CARMA 2018: From Informed Consent to Enlightened Processing
Time 10/16/18 01:40PM-02:30PM
2018 may well prove to be the year we re-awakened to the importance of personal privacy. From the EU nailing the 99 Articles of the GDPR to our figurative door to the spectacle of the CEO of Facebook apologizing for his company's failure to protect the privacy of the largest user community on the planet, 2018 has provided multiple wake-up calls for those of us entrusted with users' personal information. Calls, both legal and social, are growing ever-louder for greater transparency and more consent-informed control in the handling of users' personal information.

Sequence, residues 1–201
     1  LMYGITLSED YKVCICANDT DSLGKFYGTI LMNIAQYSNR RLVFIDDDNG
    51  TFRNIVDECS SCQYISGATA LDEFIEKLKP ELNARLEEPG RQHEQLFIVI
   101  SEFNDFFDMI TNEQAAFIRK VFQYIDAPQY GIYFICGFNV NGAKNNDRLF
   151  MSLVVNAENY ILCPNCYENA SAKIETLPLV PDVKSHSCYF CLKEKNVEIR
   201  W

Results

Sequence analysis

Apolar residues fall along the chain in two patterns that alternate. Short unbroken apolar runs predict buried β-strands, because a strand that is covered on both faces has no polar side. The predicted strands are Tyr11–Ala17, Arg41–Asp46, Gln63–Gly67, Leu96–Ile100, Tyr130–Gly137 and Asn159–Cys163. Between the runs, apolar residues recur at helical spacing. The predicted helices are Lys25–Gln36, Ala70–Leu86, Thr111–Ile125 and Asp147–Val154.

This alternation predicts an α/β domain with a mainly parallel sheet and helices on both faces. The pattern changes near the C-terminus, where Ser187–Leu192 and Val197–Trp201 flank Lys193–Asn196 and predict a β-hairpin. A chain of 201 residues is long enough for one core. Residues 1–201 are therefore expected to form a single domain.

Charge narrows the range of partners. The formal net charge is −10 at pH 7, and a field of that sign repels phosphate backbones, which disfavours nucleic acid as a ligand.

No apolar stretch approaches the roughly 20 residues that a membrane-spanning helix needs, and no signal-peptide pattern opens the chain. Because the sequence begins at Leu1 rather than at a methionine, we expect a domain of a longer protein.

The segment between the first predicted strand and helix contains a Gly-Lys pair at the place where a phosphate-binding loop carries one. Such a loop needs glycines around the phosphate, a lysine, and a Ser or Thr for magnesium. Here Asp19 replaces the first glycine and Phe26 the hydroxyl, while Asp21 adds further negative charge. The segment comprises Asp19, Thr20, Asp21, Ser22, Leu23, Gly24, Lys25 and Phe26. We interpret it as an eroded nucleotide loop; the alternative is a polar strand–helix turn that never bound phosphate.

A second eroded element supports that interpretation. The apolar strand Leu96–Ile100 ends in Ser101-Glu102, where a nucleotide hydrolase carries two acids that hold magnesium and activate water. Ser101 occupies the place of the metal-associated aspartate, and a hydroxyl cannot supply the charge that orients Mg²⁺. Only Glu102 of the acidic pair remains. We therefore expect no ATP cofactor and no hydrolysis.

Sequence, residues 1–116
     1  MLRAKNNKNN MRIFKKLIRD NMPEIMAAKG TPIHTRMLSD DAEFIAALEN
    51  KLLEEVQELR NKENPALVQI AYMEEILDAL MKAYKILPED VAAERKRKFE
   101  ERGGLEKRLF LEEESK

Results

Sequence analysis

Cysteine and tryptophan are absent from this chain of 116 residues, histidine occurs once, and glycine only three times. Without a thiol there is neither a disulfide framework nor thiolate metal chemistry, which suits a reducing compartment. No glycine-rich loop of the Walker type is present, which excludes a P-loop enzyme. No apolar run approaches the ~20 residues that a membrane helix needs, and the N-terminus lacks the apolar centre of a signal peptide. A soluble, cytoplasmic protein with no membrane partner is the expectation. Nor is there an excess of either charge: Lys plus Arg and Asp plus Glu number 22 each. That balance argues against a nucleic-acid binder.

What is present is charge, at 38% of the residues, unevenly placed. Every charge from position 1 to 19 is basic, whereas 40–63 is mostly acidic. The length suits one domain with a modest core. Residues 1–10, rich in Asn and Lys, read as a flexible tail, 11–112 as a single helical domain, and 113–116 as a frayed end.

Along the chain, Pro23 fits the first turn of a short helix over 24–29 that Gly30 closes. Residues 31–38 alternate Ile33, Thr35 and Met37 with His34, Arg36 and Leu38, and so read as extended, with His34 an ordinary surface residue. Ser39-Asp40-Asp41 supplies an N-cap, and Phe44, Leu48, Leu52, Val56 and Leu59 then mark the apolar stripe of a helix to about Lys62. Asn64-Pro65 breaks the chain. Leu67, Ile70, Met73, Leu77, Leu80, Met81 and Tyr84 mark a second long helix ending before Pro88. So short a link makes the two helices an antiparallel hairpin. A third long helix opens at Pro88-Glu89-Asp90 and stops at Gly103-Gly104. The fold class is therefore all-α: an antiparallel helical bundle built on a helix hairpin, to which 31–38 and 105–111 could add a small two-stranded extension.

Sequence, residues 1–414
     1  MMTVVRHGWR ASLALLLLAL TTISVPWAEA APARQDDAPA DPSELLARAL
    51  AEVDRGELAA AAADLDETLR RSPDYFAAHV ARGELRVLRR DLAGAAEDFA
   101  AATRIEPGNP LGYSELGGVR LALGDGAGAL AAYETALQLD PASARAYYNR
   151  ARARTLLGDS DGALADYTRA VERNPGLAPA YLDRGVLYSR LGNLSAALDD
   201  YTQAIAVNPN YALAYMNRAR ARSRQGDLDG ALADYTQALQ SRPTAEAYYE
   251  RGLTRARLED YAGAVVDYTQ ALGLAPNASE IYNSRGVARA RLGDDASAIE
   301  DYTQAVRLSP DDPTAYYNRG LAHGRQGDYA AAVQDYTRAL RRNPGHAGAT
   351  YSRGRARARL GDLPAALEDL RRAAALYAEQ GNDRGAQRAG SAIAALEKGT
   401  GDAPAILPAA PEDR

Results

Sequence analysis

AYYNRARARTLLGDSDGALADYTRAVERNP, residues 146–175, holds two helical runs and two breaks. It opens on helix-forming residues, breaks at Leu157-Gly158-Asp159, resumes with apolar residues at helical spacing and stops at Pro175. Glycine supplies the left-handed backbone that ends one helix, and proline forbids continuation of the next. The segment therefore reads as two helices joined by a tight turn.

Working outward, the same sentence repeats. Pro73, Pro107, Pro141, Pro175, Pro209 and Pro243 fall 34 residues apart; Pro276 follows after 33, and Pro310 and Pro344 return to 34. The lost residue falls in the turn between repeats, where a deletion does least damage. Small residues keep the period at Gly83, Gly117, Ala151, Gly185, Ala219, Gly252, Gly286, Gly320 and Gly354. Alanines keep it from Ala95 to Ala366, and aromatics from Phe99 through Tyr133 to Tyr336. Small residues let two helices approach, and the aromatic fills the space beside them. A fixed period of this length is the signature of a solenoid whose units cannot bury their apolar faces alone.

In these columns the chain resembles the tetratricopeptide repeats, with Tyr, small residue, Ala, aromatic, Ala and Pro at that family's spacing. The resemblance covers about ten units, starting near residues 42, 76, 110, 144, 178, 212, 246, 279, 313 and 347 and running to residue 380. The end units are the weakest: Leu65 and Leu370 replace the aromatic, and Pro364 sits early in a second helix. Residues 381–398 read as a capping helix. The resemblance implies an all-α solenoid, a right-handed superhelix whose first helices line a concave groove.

2018 is also the year the CAR (Consent-informed Attribute Release) system development effort celebrates its second birthday, and like any two-year-old, both it and its parents are growing as they encounter the Real World (TM). While early releases focused on end-user interfaces, in this discussion, we'll focus on new developments in the administrative space. We'll touch on the mechanisms CAR provides for handling some of the more nuanced requirements of GDPR and for registering both traditionally-federated systems and non-SAML policy consumers, then focus more deeply on some of the information aggregation capabilities of the system. Even in cases where consent is not being applied, CAR can help institutions catalog and report on attribute release and other information disclosure policies and their legal bases across interfaces, and Article 29 WG guidelines, and more. Finally, we'll look at the Duke deployment of CAR and see how aggregating attribute release policy, as well as consent controls, in the CAR system is allowing Duke to demonstrate its commitment to "privacy by design."
Primary track Trust & Identity
Secondary tracks Information Security